Event #3: The War of the Maccabees Occurs in Judea
The third historical event God used to prepare the world for Christ centers more specifically around the Land of Israel, the territory known as Judea. Following the split of Alexander’s Kingdom, Judea was left under the rule of the Seleucid dynasty. After several generations of Seleucid leaders who were more or less indifferent to Judaism, Antiochus IV rose to power within the Empire. He saw it partly as his mission to Hellenize the known world, including the territory of Judea, formerly the nation of Israel and the homeland of the Jewish people.
Antiochus IV banned the practice of Judaism while simultaneously auctioning the Jewish High Priesthood off to the highest bidder, a Jewish priest named Jason, who discouraged traditional monotheism and promoted Greek culture and religion throughout the land.
These actions by Antiochus resulted in two drastic repercussions: first, after the persecution of Jewish people by the Seleucids and their dignitaries reached its boiling point, a Jewish revolt was initiated in 167 BC, and an independent Jewish State was formed in 130 BC under the rule of the Hasmoneans. This independent state would last for almost 80 years, eventually giving way when Rome annexed Judea due to a power struggle within the Hasmonean ruling family.
Rome’s restored control over Judea would set off another series of critical events: the appointment of Herod the Great, the subsequent rebuilding of the Jewish Temple, and the transformation of a once out-of-the-way Roman province into the restored center of Jewish cultural and religious life. Despite Rome’s annexation, many Jewish exiles, most of whom now spoke Greek, returned to the land of their fathers in the 150 years leading up to the birth of Jesus Christ, especially during the 80-year reign of the Hasmoneans.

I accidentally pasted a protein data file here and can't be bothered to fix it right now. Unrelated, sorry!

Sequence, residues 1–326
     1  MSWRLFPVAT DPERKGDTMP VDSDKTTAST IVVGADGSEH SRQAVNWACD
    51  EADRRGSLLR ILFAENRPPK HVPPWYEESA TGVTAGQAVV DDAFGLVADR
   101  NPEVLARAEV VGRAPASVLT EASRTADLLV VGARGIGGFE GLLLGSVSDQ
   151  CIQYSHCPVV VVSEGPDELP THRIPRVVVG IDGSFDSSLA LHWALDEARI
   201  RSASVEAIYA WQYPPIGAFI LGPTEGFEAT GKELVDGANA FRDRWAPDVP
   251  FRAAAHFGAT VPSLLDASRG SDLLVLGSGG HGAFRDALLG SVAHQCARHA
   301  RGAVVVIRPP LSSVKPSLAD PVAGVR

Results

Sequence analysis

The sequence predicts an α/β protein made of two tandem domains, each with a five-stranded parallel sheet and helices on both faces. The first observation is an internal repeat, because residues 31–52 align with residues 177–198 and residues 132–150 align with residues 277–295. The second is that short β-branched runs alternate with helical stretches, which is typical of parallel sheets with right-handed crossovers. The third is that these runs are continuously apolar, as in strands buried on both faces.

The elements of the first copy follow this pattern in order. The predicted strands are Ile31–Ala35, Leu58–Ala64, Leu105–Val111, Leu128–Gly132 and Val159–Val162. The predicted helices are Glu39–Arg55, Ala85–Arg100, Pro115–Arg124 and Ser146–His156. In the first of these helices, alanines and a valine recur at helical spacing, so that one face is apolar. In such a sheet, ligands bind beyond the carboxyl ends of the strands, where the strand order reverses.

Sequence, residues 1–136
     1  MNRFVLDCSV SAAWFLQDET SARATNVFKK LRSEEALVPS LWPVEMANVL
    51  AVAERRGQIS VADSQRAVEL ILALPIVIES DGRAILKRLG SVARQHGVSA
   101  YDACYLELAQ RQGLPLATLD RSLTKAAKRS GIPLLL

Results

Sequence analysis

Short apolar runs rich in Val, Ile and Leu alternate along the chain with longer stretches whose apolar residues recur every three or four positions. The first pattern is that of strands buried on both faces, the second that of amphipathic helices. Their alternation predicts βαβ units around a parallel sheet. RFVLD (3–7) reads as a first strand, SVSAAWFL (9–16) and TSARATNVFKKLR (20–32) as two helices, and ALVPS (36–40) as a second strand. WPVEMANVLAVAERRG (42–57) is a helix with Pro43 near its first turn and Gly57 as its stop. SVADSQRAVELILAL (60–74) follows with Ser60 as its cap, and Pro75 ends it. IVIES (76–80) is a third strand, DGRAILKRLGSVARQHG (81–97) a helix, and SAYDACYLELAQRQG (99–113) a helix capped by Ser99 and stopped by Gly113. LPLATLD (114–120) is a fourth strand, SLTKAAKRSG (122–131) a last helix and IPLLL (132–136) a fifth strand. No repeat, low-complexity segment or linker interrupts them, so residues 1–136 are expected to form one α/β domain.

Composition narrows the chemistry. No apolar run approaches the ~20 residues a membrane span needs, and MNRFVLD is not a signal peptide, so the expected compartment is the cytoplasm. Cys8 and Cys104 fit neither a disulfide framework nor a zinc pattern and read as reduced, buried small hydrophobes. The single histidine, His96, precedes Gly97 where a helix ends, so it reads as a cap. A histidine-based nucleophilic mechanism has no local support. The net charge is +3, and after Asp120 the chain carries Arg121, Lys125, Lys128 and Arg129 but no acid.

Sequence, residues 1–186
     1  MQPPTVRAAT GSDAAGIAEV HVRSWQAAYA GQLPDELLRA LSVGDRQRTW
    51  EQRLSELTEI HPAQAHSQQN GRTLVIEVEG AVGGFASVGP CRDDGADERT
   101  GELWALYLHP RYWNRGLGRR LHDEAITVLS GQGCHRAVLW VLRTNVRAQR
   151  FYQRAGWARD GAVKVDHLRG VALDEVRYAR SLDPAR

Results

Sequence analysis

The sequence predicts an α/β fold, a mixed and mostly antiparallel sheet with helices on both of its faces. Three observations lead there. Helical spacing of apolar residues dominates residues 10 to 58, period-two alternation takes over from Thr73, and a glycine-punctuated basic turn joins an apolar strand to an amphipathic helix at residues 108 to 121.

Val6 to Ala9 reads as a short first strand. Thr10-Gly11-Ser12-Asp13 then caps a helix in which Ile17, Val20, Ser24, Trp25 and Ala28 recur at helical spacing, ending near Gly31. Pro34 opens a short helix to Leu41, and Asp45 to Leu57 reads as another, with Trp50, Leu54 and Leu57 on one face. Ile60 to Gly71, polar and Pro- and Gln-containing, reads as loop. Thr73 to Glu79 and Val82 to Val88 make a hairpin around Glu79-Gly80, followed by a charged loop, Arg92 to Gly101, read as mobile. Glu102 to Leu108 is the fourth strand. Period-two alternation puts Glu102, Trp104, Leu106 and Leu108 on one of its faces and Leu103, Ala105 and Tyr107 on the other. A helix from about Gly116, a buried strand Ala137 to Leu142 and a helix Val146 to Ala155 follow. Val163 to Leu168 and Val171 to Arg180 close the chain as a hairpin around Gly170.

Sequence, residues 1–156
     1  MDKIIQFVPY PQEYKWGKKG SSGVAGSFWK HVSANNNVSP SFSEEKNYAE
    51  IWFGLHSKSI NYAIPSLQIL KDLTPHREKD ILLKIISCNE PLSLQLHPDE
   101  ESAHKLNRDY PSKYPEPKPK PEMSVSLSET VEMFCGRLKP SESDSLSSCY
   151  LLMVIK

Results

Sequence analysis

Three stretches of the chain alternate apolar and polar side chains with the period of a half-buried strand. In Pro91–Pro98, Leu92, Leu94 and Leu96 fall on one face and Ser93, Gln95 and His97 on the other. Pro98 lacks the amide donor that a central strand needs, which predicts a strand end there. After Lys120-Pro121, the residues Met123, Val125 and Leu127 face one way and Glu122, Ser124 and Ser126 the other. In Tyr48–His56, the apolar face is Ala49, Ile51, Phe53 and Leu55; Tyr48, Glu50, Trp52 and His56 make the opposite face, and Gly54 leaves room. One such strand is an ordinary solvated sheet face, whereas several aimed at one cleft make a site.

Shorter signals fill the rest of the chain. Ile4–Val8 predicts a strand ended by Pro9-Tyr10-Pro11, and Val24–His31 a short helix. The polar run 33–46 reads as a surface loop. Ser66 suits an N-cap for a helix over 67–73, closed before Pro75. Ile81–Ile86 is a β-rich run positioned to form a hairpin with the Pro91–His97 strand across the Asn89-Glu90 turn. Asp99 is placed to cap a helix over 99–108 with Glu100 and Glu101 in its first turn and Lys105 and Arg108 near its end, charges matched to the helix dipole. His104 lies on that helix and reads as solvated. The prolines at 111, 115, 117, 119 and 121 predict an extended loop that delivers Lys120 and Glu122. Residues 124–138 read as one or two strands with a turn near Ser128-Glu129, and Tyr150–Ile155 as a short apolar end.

Event #4: The Romans Build Roads All Over the Empire
The Roman Empire is known for prolific achievements such as its military might, governmental structure, and social institutions. However, one of the most underrated facets of Roman geopolitical success can be found in how they unified their empire when the world was still a vast and arduously traveled place.
Roman roadbuilding revolutionized the world over two millennia ago. It advanced the spread of Roman thought and language but also created an incredible mechanism for which the Gospel of Jesus Christ would depart from Judea and quickly spread across the entire Empire.
Thanks to the success Rome experienced connecting their empire via a road system, the apostles and other disciples of Jesus were able to spread the Gospel message throughout most of the known world in less than 70 years.
While many Christians believe that God was silent during the intertestamental period, it is clear from history that while He may not have been inspiring new Scripture to be written down, God was active in the world in a different sort of way. Via these four major historical events, God was setting the stage for the coming of His Son while simultaneously preparing the world stage for the rapid spread of the gospel message. A message that was able to run quickly throughout the known world due to the unification of human language, a massive empire that controlled most of the world’s population while maintaining a common language, and the roads they built.
 While Alexander himself spoke Macedon, the vast majority of people in his military and empire spoke Greek.  The word Septuagint comes from the Latin septuaginta, or “70,” and is based on the legend that the translation was performed by 72 Jewish scribes, 6 from each of the 12 tribes of Israel.
The Intertestamental Period Explained